23rd May2018

‘Super Chariot’ Review (Nintendo Switch)

by Britt Roberts


Super Chariot is a 2D puzzle-platform game that focuses on the efforts of a princess (and her prince in co-op mode) as they work their way through underground catacombs in a bid to put their deceased (and yet still very, very talkative talkative) king to rest. And so begins an odyssey of dragging around a coffin mounted on two cartwheels.

I actually pretty much reviewed this game twice, first off I played the game alone in single player mode and whilst the sparse use of jaunty music, well-animated, bright and cheerful graphics and general light-hearted tone of the game seemed a good start, I couldn’t quite gel with the main focus of the game which involves yanking, riding and dragging the coffin around, and I fully appreciate that it was not the games’ fault. The physics in the game feel extremely realistic, the coffin has a real weight to it and as you pull it (attached as it is to your character by a magical, relatively short rope) up walls and swing it across ravines in a bid to find the exit to the next section, as aware as I was about how well-designed the game was and how smoothly it ran… I couldn’t ramp up my interest in what was happening. Rolling the weighty coffin up slopes, awkwardly jumping over ledges and reeling it up with me, it all felt more of a chore than a puzzle. Later levels introduce multiple paths, special power ups and secret ways to pick up jewels (with which you can buy the aforementioned power-ups) as well as blueprints to unlock new powers, it just didn’t grab me and I was a bit adrift with the core mechanic.

I was feeling a bit disappointed in my attitude towards the game and was making notes for a review, when a friend came over and I casually mentioned the game to him. He suggested that we try out the two player mode…and thus the true magic of the game was revealed.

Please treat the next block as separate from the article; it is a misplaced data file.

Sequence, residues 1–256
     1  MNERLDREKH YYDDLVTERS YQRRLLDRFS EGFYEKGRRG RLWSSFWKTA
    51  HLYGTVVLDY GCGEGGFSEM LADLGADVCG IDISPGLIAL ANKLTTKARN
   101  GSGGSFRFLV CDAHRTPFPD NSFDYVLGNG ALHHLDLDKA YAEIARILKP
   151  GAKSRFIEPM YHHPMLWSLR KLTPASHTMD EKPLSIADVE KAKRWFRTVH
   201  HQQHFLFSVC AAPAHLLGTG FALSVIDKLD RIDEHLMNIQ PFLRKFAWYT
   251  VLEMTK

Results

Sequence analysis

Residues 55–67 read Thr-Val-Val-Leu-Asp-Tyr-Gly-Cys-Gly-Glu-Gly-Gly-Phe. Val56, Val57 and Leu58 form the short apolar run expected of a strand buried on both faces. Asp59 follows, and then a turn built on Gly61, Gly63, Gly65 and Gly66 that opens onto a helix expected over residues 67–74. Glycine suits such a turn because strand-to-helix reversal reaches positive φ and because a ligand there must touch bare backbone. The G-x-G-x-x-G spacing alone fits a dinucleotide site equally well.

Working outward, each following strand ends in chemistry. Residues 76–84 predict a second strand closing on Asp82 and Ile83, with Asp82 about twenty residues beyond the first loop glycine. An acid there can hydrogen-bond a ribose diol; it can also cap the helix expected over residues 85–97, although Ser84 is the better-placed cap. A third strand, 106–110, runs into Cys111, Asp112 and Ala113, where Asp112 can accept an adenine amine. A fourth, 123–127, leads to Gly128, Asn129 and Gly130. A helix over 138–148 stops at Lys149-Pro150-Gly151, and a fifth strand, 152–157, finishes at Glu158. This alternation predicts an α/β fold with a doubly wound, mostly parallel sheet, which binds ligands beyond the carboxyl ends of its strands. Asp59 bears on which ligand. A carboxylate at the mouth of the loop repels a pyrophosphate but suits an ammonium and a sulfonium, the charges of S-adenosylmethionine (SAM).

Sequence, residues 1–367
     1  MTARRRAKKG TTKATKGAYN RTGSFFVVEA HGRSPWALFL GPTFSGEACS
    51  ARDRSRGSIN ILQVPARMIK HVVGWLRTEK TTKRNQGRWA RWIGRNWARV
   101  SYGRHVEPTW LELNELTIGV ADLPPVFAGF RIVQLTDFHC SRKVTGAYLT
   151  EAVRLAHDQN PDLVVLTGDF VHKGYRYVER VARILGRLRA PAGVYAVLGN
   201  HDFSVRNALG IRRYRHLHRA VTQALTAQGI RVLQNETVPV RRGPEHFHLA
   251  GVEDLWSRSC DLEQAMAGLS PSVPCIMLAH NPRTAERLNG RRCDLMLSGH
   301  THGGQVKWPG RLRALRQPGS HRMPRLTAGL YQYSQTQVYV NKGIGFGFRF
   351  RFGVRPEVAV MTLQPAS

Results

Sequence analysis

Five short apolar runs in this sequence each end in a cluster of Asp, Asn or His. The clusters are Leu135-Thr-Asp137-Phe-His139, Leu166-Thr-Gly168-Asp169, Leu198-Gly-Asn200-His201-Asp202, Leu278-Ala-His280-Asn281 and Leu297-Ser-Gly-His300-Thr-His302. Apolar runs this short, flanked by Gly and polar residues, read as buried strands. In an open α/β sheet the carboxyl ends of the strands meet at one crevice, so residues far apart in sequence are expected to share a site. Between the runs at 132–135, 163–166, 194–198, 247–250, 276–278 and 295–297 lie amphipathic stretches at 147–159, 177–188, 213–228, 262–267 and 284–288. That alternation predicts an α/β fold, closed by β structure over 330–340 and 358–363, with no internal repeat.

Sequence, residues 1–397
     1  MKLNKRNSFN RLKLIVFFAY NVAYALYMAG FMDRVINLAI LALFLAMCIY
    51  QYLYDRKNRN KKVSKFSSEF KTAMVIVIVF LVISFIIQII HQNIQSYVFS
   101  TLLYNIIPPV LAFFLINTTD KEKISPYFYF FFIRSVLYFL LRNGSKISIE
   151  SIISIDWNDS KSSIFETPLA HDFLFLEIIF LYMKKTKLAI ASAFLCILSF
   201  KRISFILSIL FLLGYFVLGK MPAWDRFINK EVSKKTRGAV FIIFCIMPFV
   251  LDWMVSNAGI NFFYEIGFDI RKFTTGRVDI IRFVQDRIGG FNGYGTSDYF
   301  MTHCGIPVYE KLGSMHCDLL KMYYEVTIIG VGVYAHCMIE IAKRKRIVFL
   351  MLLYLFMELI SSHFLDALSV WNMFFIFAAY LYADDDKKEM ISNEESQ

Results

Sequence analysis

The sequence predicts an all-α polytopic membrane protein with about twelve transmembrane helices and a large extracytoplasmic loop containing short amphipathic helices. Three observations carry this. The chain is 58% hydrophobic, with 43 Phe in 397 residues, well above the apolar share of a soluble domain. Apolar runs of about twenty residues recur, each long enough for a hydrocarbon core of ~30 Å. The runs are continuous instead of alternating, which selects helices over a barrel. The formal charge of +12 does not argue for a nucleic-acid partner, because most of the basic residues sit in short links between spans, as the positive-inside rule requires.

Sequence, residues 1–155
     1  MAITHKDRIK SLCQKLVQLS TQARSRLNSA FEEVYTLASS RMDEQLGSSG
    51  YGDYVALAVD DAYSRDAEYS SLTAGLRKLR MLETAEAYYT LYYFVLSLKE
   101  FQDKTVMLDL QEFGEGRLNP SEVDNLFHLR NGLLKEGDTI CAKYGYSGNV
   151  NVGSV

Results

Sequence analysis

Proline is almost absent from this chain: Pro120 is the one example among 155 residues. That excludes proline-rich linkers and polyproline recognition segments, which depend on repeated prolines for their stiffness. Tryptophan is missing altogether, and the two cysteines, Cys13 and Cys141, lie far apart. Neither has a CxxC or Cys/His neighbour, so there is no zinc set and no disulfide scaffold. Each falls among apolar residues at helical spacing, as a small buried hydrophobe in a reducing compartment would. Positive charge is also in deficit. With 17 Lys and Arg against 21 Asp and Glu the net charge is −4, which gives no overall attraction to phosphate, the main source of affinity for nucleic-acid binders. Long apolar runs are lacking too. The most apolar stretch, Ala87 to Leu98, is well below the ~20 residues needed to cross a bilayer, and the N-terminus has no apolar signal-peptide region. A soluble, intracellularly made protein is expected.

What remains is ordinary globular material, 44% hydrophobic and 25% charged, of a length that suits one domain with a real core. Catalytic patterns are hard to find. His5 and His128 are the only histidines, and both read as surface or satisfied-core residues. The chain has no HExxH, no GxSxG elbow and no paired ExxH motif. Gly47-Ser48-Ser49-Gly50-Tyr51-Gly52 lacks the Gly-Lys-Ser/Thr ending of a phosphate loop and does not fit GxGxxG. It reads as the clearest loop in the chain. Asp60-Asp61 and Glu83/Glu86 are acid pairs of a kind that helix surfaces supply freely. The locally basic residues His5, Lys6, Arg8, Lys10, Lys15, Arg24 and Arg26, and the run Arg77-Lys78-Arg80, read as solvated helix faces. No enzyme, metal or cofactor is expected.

All of the issues I had in single player mode were flipped on their head in the two player game. Astonishing really, as all that happens is that the prince joins you and if anything, makes matters more complicated as you now have the inertia, physics and movement of a third party to deal with along with the coffin…and all it does it makes it a thousand times more fun! My friend and I glared at each other, laughed, groaned and cheered as we clumsily clattered our way through the levels, winding each other up by accidentally letting go of the rope at the wrong time, causing the king to trundle away to the start of an incline or roll depressingly slowly off a ledge, making us back-track. In single player mode, this caused growing frustration at the premise but in two-player mode, it just made us laugh more as blame each other for the roughness of the King’s journey, it was like the Chuckle Brothers were trying to deliver an antique table after a bottle of vodka. What started as a five minute blast to show him the game turned into an hour-long session filled with pure simple gaming joy and instantly I knew that it’s game we would be returning to constantly whenever he comes around.

The difference between playing Super Chariot in single player and multiplayer is night and day. The co-op feature MAKES this game. If you intend to work through Super Chariot in single player mode, I would suggest trying out a demo before buying to see if it’s for you. If, however you have someone who enjoys physics-based puzzlers with you, Super Chariot is great choice…especially along with a few drinks.

Right, I’m off to buy some Aloe Vera for the rope burns.


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